The gang rape case in Cleveland, Texas (background here, here, and here) continues to generate some of the most vicious victim-blaming I have ever seen in my life, which, after six years of doing this, is really saying something.
Case in point: This CNN piece, which includes the following:
The alleged gang rape of an 11-year-old girl has torn apart a Texas community, with some focusing on the girl and her parents as much as, if not more than, the 18 people accused of sexually assaulting her.If the fact that there are people who will argue with a straight fucking face that an 11-year-old child "didn't do enough" to stop eighteen young men from raping her doesn't convince everyone with a capacity for reason and any trace of decency that we live in a culture that supports and condones rape, I can't imagine what possibly could.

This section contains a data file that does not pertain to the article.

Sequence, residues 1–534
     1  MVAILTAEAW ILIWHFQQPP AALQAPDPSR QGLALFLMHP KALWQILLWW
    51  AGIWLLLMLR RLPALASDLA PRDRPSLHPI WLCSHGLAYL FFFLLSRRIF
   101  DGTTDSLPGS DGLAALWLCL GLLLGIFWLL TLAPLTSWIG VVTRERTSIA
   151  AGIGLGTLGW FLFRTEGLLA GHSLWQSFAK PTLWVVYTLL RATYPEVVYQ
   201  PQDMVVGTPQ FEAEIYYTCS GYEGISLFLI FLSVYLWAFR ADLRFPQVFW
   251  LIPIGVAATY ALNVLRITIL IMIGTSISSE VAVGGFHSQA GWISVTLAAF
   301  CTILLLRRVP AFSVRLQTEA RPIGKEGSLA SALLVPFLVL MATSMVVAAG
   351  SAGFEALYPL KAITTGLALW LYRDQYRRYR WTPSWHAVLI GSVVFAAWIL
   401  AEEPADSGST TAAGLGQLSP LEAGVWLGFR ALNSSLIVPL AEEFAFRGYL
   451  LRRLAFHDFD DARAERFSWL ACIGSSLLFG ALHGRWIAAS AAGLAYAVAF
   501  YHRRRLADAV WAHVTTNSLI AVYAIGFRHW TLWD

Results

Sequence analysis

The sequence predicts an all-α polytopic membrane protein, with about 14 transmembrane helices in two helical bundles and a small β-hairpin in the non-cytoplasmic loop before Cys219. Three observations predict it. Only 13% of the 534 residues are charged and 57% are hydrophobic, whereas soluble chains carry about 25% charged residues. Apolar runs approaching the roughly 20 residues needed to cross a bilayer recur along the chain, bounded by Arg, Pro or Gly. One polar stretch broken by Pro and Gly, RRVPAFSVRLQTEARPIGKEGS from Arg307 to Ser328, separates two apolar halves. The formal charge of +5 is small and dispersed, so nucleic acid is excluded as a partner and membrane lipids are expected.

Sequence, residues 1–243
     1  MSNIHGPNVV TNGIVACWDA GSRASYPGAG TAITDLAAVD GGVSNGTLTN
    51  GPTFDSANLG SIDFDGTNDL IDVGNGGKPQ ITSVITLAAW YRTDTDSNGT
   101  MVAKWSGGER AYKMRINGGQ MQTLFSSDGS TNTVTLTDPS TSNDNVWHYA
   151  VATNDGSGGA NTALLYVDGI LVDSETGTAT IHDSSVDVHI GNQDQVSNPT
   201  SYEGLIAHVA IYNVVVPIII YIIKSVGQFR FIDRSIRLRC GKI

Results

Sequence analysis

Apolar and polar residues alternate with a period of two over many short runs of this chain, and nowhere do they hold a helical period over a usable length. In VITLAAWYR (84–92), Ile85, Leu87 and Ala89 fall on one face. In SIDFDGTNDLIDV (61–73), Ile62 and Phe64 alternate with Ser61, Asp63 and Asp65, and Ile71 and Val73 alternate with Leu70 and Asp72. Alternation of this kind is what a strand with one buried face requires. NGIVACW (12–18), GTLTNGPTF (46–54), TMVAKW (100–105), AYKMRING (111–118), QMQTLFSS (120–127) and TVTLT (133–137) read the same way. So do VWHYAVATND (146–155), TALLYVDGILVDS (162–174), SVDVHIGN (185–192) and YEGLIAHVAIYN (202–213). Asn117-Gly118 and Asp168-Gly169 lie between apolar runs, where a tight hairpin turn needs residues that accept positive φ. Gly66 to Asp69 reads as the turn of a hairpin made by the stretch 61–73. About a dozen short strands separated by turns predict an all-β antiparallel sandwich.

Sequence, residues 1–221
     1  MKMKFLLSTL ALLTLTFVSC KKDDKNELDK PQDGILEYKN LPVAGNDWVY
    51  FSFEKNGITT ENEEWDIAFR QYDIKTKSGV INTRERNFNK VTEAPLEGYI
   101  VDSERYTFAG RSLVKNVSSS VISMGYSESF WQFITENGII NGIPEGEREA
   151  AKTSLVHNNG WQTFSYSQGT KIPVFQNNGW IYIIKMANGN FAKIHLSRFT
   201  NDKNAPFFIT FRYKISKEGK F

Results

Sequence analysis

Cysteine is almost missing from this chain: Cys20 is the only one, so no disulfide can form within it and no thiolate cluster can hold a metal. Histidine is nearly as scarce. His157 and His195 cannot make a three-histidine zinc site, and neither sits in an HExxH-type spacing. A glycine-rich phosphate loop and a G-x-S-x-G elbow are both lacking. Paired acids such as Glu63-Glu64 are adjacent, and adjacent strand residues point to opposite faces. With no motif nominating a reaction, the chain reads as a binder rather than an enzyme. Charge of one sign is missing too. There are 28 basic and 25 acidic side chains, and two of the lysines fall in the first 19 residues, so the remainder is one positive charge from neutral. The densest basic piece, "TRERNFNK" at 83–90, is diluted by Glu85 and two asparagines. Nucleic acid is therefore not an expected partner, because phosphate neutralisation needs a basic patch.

...On Thursday, Quanell X, a community activist, traveled from Houston to help stage a town hall meeting called to address rising concerns -- especially in Cleveland's African-American community -- about the case.
Among other issues, he said that the girl didn't do enough to stop the alleged assailants.
"It was not the young girl that yelled rape. Stop right there -- something is wrong, brothers and sisters," Quanell X said. And, speaking over yells of support from the crowd, he also questioned the role of the girl's parents. "Where was the mother? Where was the father?" he said.
As an aside, something I've noticed about the reporting on this case, as in the linked CNN article, is that the alleged assailants are pretty commonly referred to as "the 18 people accused." People. Anyone else suspect that if it were 18 young women accused of assaulting an 11-year-old boy, there would be some more gender-specific reporting...? Which, hilariously, would be justified on the basis that it's an anomaly, while not pointing out gender when the perpetrators are men is typically justified because "women can rape, too."